Mill - MillsUtilitarianism pp.314326 Principle...

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Mill’s Utilitarianism pp. 314 - 326
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So we can start with the Greatest Happiness  Principle: Actions are right in proportion as they tend  to promote happiness, wrong as they tend to  produce the reverse of happiness”
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Now, by ‘happiness’ Mill means PLEASURE  and the absence of pain; and by  unhappiness, he means PAIN and the  absence of pleasure. So there is a lot of focus on pleasure and  pain.  Mill thinks, in fact, that pleasure, and  freedom from pain, are the only things  desirable as ends (and that all desirable  things are desirable either for the pleasure  inherent in themselves or as a means to the 
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So the view is pretty easy to understand, most  of the rest of what Mill talks about are  objections to it (though I’m going to add on  some at the end). The first one is:  “to suppose that life has no higher end than  pleasure—no better and nobler object of desire  and pursuit—they designate as utterly mean  and groveling; as a doctrine worthy only of 
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What does Mill say in response? He says it’s not HE who represents humanity in  such a negative light BUT HIS ATTACKERS. In other words, the people who think the  doctrine is only worthy of swine have assumed  that man is capable of no higher pleasures than  a simple pig.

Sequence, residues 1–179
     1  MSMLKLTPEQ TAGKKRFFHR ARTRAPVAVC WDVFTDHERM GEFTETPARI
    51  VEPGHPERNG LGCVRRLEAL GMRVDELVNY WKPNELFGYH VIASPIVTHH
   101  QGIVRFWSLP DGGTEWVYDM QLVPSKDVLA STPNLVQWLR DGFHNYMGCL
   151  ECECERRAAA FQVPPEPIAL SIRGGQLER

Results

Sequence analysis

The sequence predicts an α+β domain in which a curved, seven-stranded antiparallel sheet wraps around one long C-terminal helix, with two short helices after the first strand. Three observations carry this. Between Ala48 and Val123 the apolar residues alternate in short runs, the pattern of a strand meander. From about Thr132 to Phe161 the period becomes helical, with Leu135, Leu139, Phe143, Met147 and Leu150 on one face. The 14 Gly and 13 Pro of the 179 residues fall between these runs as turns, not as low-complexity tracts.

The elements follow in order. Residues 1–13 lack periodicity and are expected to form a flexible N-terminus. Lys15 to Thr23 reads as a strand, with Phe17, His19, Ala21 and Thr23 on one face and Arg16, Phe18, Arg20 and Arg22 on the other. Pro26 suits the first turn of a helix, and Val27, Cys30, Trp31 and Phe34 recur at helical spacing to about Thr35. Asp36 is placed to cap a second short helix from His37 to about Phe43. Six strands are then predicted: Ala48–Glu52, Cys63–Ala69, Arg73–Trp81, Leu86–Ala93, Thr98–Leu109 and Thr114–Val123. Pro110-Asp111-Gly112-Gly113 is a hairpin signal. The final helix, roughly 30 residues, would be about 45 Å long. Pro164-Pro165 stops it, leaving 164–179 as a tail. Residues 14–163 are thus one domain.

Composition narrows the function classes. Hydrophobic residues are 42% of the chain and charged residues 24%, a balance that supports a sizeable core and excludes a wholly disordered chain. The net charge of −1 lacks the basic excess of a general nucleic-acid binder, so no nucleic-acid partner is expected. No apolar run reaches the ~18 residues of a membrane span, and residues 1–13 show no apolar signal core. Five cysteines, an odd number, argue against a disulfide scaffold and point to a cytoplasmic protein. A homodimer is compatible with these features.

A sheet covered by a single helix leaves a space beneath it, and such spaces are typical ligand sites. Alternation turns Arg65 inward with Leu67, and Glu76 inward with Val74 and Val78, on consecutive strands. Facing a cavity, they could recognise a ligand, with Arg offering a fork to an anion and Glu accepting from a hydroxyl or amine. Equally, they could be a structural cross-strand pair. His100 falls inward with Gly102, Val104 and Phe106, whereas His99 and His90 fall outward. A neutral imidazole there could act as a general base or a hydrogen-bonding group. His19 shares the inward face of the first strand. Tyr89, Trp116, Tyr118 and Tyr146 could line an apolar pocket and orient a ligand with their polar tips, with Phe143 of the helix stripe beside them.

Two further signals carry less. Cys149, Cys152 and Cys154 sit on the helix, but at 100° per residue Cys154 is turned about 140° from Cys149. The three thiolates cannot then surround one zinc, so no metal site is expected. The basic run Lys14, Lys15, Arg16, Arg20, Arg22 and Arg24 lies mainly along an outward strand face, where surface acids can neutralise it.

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Isn’t it true, though, that “human beings  have faculties more elevated than the  animal appetites; and, when once made  conscious of them, do not regard anything  as happiness which does not include their  gratification”?? That is, the pig doesn’t enjoy reading  Shakespeare (or whoever writes for  Hustler, or whatever).  That’s not a  pleasure of which the pig is capable.
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To put it in still other words, there’s a difference  between QUANTITY and QUALITY of pleasure. Quantity: just HOW MUCH of a pleasure you  get Quality: how GOOD the pleasure is
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What Mill is saying is that we humans are  capable of higher quality pleasures. Sure, it might give us a lot of pleasure to roll  around in the mud.  But days of that are nothing  in comparison with the one-time pleasure we  get from, e.g., listening to a good piece of  music. The quantity of rolling in the mud for days  doesn’t compare to the quality of listening to  one good piece of music.
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Okay, but how do you tell the difference  between the qualities?? Here Mill has a TEST: “Of two pleasures, if there be on to which all or  almost all who have experience of both give a  decided preference, irrespective of any feeling  of moral obligation to prefer it, that is the more  desirable pleasure.”
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Mill - MillsUtilitarianism pp.314326 Principle...

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